Centre cautions Andhra Pradesh against revising PPAs

Venkatesh Ganesh Mumbai | Updated on September 21, 2019

Power Minister RK Singh   -  BL

Power Minister RK Singh has asked Andhra Pradesh Chief Minister Jagan Mohan Reddy not to revisit power purchase agreements (PPAs) as this sends wrong signals to investors and jeopardises India’s commitment to climate change.

In a letter to the Chief Minister, a copy of which is available with BusinessLine, the power minister said the growth in deployment of renewable energy resources is important from a climate change mitigation point of view and for achieving energy independence.

This letter is in response to Jagan Mohan Reddy writing to the Ministry alleging that the PPAs entered by the previous government in the State benefited only three companies, they were financially unviable and they imposed a heavy burden on the State.

Inadequate tariff increase

Singh said the current energy situation in Andhra Pradesh cannot be attributed to renewables as the costs incurred on power purchases are passed through to tariff. “The present situation of the discoms is due to the fact that as against the proposed increase in tariff for AP, as per UDAY norms, of 3.6 per cent in the financial year 2016-17 and 5 per cent each in fiscal 2018 and 2019, the actual increase was only 0.81 per cent, 4.5 per cent and 0 per cent respectively,” he said.

Earlier, Reddy had written that in 2014, the weighted average price of solar power (in AP) was ₹6.75 per unit and now is available at less than ₹2 per unit, which has put pressure on the State’s finances.

This decline has been largely due to a fall in the cost of solar cells, modules and equipment and can be attributed to the economies of scale, stated Singh.

The feed-in tariff of ₹4.84 per unit in 2016-17 can be compared to wind tariffs in Rajasthan, which was ₹5.76 per unit, Maharashtra which charged ₹5.76 per unit, Gujarat charged ₹4.18 per unit and Madhya Pradesh charged ₹4.78 per unit.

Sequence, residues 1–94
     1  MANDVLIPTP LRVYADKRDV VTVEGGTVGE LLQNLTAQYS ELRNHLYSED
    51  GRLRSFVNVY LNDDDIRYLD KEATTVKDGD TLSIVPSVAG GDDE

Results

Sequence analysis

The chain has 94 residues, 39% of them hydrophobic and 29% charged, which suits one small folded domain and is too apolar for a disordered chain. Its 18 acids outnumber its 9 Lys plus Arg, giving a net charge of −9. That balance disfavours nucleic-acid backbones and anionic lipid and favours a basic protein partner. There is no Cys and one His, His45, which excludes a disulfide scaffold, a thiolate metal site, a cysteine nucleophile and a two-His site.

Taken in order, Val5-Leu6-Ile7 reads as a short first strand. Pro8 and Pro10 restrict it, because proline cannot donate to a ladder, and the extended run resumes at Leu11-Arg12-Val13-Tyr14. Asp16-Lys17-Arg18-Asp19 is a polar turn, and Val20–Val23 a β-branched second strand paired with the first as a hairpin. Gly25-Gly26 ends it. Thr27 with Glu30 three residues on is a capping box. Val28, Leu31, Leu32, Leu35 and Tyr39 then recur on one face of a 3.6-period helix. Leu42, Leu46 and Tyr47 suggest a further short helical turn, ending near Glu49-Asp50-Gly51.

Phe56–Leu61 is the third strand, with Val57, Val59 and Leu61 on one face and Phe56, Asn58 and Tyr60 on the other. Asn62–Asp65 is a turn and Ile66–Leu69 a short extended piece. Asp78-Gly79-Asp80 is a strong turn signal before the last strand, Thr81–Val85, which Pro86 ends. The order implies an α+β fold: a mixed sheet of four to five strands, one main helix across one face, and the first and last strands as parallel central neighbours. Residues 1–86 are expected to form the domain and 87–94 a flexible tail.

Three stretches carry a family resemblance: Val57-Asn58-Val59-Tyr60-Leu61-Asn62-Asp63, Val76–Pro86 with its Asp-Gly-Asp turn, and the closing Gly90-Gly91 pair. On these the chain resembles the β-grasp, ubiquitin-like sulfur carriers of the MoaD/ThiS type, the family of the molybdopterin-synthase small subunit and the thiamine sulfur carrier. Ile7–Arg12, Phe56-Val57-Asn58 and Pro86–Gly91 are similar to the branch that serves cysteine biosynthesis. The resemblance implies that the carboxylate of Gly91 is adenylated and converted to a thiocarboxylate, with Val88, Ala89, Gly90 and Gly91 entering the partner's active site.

Renewables viable

If the cost escalation rate in coal power is taken into consideration, then the power from thermal power plants available at ₹4.2 per unit will almost double every 10 years and after 25 years, it will be in the range of ₹20-22 per unit at present rupee value. “Whereas the wind power projects for which PPAs were entered into in 2016-17 will continue to provide power at ₹4.84 per unit, even after 25 years and thus wind and solar power are viable alternatives, said Singh.

With regard to Greenko, ReNew Power and Mytrah, they had developed majority of their capacity before 2014 and later enhanced their portfolios through acquisition of assets in the State.

The larger concern continues to be the kind of message that revoking PPAs send to international investors. Apart from Canada Pension Plan Investment Board (CPPIB), Caisse de dépôt et placement du Québec (CDPQ), other international investors who are present in India’s renewable energy sector, include Canada’s Brookfield Asset Management, the private equity arms of Goldman Sachs, JPMorgan and Morgan Stanley, Dutch fund manager APG, amongst others.

Singh noted that globally, development of renewables is done through fixed tariffs that remain uniform over the life of the plant.

As of February 2019, total renewable power installed capacity (excluding large hydro) in the country stood at 75.06 GW.

Published on September 21, 2019

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